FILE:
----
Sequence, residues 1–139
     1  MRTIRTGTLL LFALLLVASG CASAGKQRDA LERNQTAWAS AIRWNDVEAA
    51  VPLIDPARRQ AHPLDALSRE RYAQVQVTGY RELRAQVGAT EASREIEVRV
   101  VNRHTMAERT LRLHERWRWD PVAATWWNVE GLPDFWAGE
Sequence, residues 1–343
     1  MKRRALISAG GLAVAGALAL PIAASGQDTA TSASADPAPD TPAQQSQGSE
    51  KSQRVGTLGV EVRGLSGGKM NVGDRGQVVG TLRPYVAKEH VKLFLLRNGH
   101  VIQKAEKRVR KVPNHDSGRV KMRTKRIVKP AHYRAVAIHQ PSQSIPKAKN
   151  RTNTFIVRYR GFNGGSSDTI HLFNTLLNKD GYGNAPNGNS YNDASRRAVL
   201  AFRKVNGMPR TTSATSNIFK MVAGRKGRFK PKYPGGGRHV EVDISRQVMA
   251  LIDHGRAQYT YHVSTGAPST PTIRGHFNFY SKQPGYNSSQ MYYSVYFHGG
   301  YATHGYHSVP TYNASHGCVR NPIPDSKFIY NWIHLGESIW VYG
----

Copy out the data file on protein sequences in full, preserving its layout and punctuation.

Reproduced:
Sequence, residues 1–139
     1  MRTIRTGTLL LFALLLVASG CASAGKQRDA LERNQTAWAS AIRWNDVEAA
    51  VPLIDPARRQ AHPLDALSRE RYAQVQVTGY RELRAQVGAT EASREIEVRV
   101  VNRHTMAERT LRLHERWRWD PVAATWWNVE GLPDFWAGE
Sequence, residues 1–343
     1  MKRRALISAG GLAVAGALAL PIAASGQDTA TSASADPAPD TPAQQSQGSE
    51  KSQRVGTLGV EVRGLSGGKM NVGDRGQVVG TLRPYVAKEH VKLFLLRNGH
   101  VIQKAEKRVR KVPNHDSGRV KMRTKRIVKP AHYRAVAIHQ PSQSIPKAKN
   151  RTNTFIVRYR GFNGGSSDTI HLFNTLLNKD GYGNAPNGNS YNDASRRAVL
   201  AFRKVNGMPR TTSATSNIFK MVAGRKGRFK PKYPGGGRHV EVDISRQVMA
   251  LIDHGRAQYT YHVSTGAPST PTIRGHFNFY SKQPGYNSSQ MYYSVYFHGG
   301  YATHGYHSVP TYNASHGCVR NPIPDSKFIY NWIHLGESIW VYG